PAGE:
Early in the afternoon of the second day after our foreman left us, we sighted the smoke of passing trains, though they were at least fifteen miles distant, and long before we reached the Mulberry, a livery rig came down the trail to meet us. To Forrest’s chagrin, Flood, all dressed up and with a white collar on, was the driver, while on a back seat sat Don Lovell and another cowman by the name of McNulta. Every rascal of us gave old man Don the glad hand as they drove around the herd, while he, liberal and delighted as a bridegroom, passed out the cigars by the handful. The cattle were looking fine, which put the old man in high spirits, and he inquired of each of us if our health was good and if Flood had fed us well. They loitered around the herd the rest of the evening, until we threw off the trail to graze and camp for the night, when Lovell declared his intention of staying all night with the outfit.
While we were catching horses during the evening, Lovell came up to me where I was saddling my night horse, and recognizing me gave me news of my brother Bob. “I had a letter yesterday from him,” he said, “written from Red Fork, which is just north of the Cimarron River over on the Chisholm route. He reports everything going along nicely, and I’m expecting him to show up here within a week. His herd are all beef steers, and are contracted for delivery at the Crow Indian Agency. He’s not driving as fast as Flood, but we’ve got to have our beef for that delivery in better condition, as they have a new agent there this year, and he may be one of these knowing fellows. Sorry you couldn’t see your brother, but if you have any word to send him, I’ll deliver it.”
I thanked him for the interest he had taken in me, and assured him that I had no news for Robert; but took advantage of the opportunity to inquire if our middle brother, Zack Quirk, was on the trail with any of his herds. Lovell knew him, but felt positive he was not with any of his outfits.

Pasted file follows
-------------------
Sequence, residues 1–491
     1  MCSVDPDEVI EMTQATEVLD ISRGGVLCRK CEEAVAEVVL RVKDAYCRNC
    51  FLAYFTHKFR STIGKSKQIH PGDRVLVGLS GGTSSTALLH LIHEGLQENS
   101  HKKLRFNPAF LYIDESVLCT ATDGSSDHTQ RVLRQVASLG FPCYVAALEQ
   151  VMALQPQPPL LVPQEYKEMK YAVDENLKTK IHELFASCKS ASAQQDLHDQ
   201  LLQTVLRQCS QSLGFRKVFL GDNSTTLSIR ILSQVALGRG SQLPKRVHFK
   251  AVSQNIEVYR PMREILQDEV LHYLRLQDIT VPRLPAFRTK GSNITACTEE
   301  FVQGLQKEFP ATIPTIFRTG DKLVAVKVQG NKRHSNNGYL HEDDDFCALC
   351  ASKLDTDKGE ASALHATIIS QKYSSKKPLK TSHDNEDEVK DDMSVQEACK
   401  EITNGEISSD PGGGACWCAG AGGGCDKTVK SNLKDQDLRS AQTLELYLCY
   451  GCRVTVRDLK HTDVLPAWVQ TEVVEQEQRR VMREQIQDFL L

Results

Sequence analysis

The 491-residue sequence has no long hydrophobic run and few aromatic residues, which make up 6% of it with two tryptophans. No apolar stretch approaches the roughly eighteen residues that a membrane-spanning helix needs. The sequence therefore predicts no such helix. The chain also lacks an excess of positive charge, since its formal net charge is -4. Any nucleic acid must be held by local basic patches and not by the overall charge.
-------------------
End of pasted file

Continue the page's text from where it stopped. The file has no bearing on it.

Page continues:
We had an easy night with the cattle. Lovell insisted on standing a guard, so he took Rod Wheat’s horse and stood the first watch, and after returning to the wagon, he and McNulta, to our great interest, argued the merits of the different trails until near midnight. McNulta had two herds coming in on the Chisholm trail, while Lovell had two herds on the Western and only one on the Chisholm.
The next morning Forrest, who was again in charge, received orders to cross the Arkansaw River shortly after noon, and then let half the outfit come into town. The old trail crossed the river about a mile above the present town of Dodge City, Kansas, so when we changed horses at noon, the first and second guards caught up their top horses, ransacked their war bags, and donned their best toggery. We crossed the river about one o’clock in order to give the boys a good holiday, the stage of water making the river easily fordable. McCann, after dinner was over, drove down on the south side for the benefit